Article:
Poem Inspires U.S. Sculptor To Honor Quake Victims A week after a massive earthquake rocked southwest China last year, NPR aired a poem called "Elegy," by Chengdu poet He Xiaozhu. One NPR listener was so inspired by the poem that he decided to make a sculpture based on it.
NPR logo

Poem Inspires U.S. Sculptor To Honor Quake Victims

  • Download
  • <iframe src="https://www.npr.org/player/embed/103953234/103974612" width="100%" height="290" frameborder="0" scrolling="no" title="NPR embedded audio player">
  • Transcript
Poem Inspires U.S. Sculptor To Honor Quake Victims

Poem Inspires U.S. Sculptor To Honor Quake Victims

  • Download
  • <iframe src="https://www.npr.org/player/embed/103953234/103974612" width="100%" height="290" frameborder="0" scrolling="no" title="NPR embedded audio player">
  • Transcript

SCOTT SIMON, host:

This is WEEKEND EDITION from NPR News. I'm Scott Simon.

Next Tuesday, May 12th, marks a year since a 7.9 magnitude earthquake devastated Southwest China. Our colleague from ALL THINGS CONSIDERED, Melissa Block, has been in Sichuan Province doing stories on what's happened in the year since. And before she left she sent us this audio postcard.

(Soundbite of banging)

Mr. STEVE MCGREW (Artist/Blacksmith): My name is Steve McGrew. I'm from Spokane, Washington. I'm an artist/blacksmith in the afternoons and weekends. The reason I'm here is, is, well, it's a long story.

MELISSA BLOCK: It's one of those circular stories. I met Steve McGrew in a blacksmithing workshop at the Guangya School outside the city of Dujiangyan. Turns out he's an accidental blacksmith. It all started with a trip to China seven years ago with his son Ben.

Mr. MCGREW: Now, you know, knives are banned in schools in America. When he discovered at age 11 that he could buy any knife he wanted on this street in China, he wanted buy them all. Then he saw a sword. He wanted to buy that. And we didn't have a suitcase big enough for the sword he wanted so I told him no. You can't buy the sword but I'll make you one when we get home. Little did I know what it would lead to.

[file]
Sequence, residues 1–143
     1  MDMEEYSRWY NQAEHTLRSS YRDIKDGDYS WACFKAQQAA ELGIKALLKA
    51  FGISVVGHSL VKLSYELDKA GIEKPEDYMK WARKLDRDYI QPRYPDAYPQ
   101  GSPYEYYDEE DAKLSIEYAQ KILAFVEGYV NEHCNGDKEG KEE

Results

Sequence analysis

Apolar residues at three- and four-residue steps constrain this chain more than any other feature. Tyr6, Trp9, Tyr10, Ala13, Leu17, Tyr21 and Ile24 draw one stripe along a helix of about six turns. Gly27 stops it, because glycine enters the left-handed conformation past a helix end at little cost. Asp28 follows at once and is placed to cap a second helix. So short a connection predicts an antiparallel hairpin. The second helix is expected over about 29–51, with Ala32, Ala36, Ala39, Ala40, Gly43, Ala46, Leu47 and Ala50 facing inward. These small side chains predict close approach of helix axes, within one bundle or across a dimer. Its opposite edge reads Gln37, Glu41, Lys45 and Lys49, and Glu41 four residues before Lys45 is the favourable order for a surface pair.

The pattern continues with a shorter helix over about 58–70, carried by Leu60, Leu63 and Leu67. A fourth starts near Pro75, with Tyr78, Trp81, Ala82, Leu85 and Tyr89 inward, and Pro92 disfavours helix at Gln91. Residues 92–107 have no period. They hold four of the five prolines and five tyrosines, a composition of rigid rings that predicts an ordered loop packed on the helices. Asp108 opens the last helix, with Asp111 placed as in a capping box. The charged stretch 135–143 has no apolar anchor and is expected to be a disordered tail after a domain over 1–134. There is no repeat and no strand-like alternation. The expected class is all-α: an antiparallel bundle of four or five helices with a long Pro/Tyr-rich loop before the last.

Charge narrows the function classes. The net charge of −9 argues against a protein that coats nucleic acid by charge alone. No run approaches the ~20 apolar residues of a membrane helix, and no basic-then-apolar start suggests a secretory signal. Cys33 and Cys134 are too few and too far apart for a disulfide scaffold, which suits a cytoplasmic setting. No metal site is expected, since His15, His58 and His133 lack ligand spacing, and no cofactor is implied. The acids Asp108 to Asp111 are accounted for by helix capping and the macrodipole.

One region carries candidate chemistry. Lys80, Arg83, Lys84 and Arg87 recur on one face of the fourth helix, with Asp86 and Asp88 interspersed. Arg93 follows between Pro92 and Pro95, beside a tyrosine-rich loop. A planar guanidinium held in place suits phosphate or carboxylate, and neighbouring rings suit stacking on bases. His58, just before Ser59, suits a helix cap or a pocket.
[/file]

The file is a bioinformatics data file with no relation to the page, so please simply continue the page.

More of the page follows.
(Soundbite of laughter)

BLOCK: Okay, so why is he here? Here's the story. Steve McGrew had heard on NPR that I was coming to Sichuan. He sent me an email saying he'd be here too and he told me he'd be assembling a six foot tall steel sculpture he'd made in honor of those killed in the earthquake. He said in the email it was sculpture of a dandelion inspired by a poem called Elegy, written by the Chinese poet He Xiaozhu. I thought, wait a minute, that's the same poem we aired on ALL THINGS CONSIDERED a week after the earthquake. A-ha.

Mr. MCGREW: Well, my wife heard this poem on NPR and told me about it. I looked it up on the Web site and it brought tears to my eyes.

BLOCK: Within an hour, he had drawn a sketch.

Mr. MCGREW: There we go. That's my original sketch right there.

BLOCK: A rough pencil sketch showing a dandelion emerging from a cracked boulder. He started forging the dandelion blossom, and leaves, and stalk, and here he in Sichuan one year later with his sculpture.

Mr. MCGREW: Packed it in two big crates, shipped it over.

BLOCK: Here's the ending of the poem that inspired Steve McGrew in the first place, read by the poet He Xiaozhu.

Mr. HE XIAOZHU (Poet): (Through translator) Sorrow engulfs half the world. Tears turn to ice. Let candlelight melt them away. Children, climb on a dandelion and line up for heaven.

BLOCK: Steve McGrew has taken that image of the dandelion and transformed into silver and steel.

Mr. MCGREW: These are the dandelion seeds. They're little parachutes. This is a bicycle brake cable, and then the cable is frayed out up above here and it makes a great parachute.

BLOCK: And it looks like it could just take off on a gust of wind and fly away.

Mr. MCGREW: Yes. One of seeds will be up like this so it's clear that it's blowing away.

BLOCK: McGrew feels a strong connection to China. He's been coming here for business and pleasure over the last 20 years. The earthquake really hit home.

Mr. MCGREW: This, this, I felt this.

BLOCK: You're just touching your heart, pounding your chest.

Mr. MCGREW: Yeah. We've been through an earthquake ourselves. We lost a house in an earthquake, so all of this is pretty close to our hearts.

BLOCK: That was the Loma Prieta earthquake in Northern California in 1989.

(Soundbite of banging)

BLOCK: Steve McGrew knows his dandelion sculpture won't fix people's lives here. It doesn't help with any basic needs. But it does tie him to this place. His dandelion sculpture will be installed at a new earthquake museum that will open on Tuesday, on the anniversary.

I'm Melissa Block in Sichuan, China.

SIMON: And you can see photos of Steve McGrew's sculpture on our Web site, npr.org.

Copyright © 2009 NPR. All rights reserved. Visit our website terms of use and permissions pages at www.npr.org for further information.

NPR transcripts are created on a rush deadline by Verb8tm, Inc., an NPR contractor, and produced using a proprietary transcription process developed with NPR. This text may not be in its final form and may be updated or revised in the future. Accuracy and availability may vary. The authoritative record of NPR’s programming is the audio record.